LA Register rolls off the presses, explains its free market bias - Kevin Roderick

Today in Labor History

Employers lock out 25,000 New York City garment workers in a dispute over hiring practices. The Int’l Ladies’ Garment Workers Union calls a general strike; after 14 weeks, 60,000 strikers win union recognition and the contractual right to strike - 1916
2014.04.14history-prepared-bookcoverFive hundred workers in Texas City, Texas die in a series of huge oil refinery and chemical plant explosions and fires - 1947
(Are You Prepared? A Guide to Emergency Planning in the Workplace: Today’s headlines are filled with disaster, from the natural—fire, flood, hurricane, tornado and the like—to the man-made, such as workplace shootings, explosions, accidental releases of toxic chemicals or radiation, even nightmares such as bombings. Are you and your co-workers prepared to respond quickly and safely if disaster strikes? Steps you take today can save lives tomorrow, from having escape plans to knowing how to quickly turn off power and fuel supplies.)
An estimated 20,000 global justice activists blockade Washington, D.C., meetings of the World Bank and International Monetary Fund - 2000

Tuesday, April 15, 2014

How to Subscribe to the Los Angeles Register

I just subscribed to the Los Angeles Register, and you can join me by following this link (SUBSCRIBE) and enjoy something different than the Los Angeles Times. Dodger tickets would have been a bit more appropriate, but I'm not complaining.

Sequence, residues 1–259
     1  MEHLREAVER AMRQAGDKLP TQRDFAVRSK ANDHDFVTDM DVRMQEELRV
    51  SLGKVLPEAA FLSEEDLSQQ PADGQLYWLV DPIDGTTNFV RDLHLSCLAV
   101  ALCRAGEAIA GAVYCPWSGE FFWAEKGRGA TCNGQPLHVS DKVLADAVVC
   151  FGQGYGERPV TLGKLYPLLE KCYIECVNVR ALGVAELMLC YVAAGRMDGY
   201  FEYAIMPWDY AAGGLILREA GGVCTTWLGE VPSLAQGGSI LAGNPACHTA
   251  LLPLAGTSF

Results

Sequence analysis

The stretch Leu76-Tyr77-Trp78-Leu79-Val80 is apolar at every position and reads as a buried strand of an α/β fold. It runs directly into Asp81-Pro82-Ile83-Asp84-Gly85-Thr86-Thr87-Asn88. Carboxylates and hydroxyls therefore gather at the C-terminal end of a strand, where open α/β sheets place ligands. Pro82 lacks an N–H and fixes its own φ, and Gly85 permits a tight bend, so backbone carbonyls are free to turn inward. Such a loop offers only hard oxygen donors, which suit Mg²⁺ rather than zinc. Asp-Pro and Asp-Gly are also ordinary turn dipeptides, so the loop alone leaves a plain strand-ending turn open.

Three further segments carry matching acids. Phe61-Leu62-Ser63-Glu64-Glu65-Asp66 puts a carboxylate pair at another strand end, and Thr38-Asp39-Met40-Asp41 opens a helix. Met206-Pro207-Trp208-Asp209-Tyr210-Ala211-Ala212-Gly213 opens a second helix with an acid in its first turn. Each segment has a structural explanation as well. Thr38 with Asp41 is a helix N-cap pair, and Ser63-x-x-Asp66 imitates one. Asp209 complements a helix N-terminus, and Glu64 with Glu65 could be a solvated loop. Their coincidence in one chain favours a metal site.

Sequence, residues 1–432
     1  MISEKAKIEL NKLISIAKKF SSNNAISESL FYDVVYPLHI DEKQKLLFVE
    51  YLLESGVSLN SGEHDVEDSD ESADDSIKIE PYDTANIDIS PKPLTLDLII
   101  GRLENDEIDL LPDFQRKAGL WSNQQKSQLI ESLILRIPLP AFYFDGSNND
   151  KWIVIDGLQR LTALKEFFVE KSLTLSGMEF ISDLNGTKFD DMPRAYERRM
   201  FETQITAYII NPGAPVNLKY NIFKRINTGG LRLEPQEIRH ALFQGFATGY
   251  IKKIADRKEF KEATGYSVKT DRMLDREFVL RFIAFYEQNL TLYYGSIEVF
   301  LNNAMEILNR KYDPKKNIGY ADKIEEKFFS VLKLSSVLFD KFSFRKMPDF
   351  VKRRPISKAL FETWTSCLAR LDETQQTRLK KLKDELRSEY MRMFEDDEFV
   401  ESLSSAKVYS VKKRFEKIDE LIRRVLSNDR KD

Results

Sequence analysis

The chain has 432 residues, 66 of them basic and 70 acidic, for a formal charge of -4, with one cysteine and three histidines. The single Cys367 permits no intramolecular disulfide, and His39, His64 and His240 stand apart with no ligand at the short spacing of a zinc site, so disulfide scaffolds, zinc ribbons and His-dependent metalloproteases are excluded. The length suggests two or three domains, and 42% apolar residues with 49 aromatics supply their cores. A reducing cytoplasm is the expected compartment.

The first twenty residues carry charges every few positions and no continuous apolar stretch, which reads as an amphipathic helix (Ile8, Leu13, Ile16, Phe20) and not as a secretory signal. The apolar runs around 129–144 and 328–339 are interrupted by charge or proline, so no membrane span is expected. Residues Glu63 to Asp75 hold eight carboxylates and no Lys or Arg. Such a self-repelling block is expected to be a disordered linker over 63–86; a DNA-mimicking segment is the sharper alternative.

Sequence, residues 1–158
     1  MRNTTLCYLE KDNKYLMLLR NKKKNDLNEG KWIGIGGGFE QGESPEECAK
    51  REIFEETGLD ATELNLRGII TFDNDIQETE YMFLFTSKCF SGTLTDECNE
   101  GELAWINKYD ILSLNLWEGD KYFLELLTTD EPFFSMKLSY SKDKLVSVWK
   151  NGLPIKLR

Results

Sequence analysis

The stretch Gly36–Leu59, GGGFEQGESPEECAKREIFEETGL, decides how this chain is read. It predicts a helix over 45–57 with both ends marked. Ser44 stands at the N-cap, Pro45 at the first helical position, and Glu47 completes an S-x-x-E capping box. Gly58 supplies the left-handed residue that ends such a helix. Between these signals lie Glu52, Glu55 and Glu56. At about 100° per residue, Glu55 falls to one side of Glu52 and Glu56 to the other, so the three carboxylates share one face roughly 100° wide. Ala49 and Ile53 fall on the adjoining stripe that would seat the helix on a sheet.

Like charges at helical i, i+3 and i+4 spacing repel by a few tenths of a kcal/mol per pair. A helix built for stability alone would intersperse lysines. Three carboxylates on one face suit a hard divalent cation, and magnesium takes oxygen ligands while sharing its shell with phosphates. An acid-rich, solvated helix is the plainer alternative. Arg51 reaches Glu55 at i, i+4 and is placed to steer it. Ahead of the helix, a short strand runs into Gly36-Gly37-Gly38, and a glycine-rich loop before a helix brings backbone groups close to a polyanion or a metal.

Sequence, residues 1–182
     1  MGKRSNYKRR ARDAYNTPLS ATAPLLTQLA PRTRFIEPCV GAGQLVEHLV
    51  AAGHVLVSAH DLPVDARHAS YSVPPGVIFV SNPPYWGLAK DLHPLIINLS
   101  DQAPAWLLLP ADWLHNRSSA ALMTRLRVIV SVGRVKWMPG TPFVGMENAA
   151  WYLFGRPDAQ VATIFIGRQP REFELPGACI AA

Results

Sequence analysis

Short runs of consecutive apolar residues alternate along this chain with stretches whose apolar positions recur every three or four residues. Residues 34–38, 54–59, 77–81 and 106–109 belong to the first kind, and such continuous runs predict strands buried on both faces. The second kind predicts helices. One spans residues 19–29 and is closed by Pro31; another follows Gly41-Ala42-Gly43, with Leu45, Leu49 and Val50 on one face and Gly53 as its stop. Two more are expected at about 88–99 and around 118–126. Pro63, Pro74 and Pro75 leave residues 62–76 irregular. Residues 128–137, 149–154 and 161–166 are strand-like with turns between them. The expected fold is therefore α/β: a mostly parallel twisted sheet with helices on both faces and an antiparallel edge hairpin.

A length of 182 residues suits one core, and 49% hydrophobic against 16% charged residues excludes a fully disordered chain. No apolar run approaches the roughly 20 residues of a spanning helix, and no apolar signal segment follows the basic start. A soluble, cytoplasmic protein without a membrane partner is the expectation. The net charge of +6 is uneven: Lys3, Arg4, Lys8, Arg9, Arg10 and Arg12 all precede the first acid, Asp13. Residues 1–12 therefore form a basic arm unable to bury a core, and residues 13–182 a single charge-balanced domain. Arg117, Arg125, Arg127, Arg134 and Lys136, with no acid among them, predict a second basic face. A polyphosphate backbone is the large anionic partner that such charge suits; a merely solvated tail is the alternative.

Los Angeles Register Website up and Running

The Los Angeles Register, a new daily newspaper, will debut Wednesday in Freedom Communications’ latest expansion in Southern California.

The Los Angeles Register website is now up and running, this should be exciting.

You can find LA Register at 7-11 and AM/PM tomorrow. Home delivery soon.

Future Development of the Los Angeles Times Property in the works? (UPDATE)

Regional Connector May Open in Phases With Santa Monica-to-East LA Service First

Neal Broverman wrote an article that caught my attention, regarding a future development of Times Mirror Square, the current home of the Los Angeles Times. 

"Also of note: a second entrance to the Second/Broadway subway station was floated but ultimately canned, because the LA Times's parent company is planning a future development at the site."

If you have any information on this future development, let me know please?
Or call/text 909.230.2061

New award named for AP photographer Anja Niedringhaus

New award named for AP photographer Anja Niedringhaus

Los Angeles Register

LA Register launch: Publisher says right of center politics will be a selling point

Click here to listen to the interview.....

Los Angeles Register Publisher, Aaron Kushner, speaks with Ben Bergman regarding the launch of his new newspaper in Los Angeles. What makes this so interesting is the fact that many newspapers are closing up and the newspapers that remain now have skeleton staffing levels. The interview is but four minutes and change, and worth the listen as history is about to be made in Los Angeles.

Freedom Communications Announces Additional Community Newspaper Rollouts in Los Angeles

Freedom Communications today announced the launch of additional community newspapers in the coming weeks as part of a larger expansion plan to introduce more than a dozen new newspapers serving specific cities across Los Angeles. 

The expansion also includes the April 16 launch of Los Angeles Register, a locally focused, community-building daily newspaper serving Los Angeles County. The community newspapers are delivered as standalone editions, apart from the Los Angeles Register.

The new newspapers and related launch dates are as follows: 

•SAN GABRIEL VALLEY REGISTER – Covina, Glendora, West Covina edition 
The new newspaper is delivered to 38,900 homes and launches April 19 under the San Gabriel Valley Register masthead as an edition of the Register. 

•GATEWAY REGISTER: Whittier, La Mirada edition
The new newspaper is delivered to 55,200 homes and launches April 19 under the San Gabriel Valley Register masthead as an edition of the Register. 

•FOOTHILLS REGISTER: San Dimas, La Verne, Claremont edition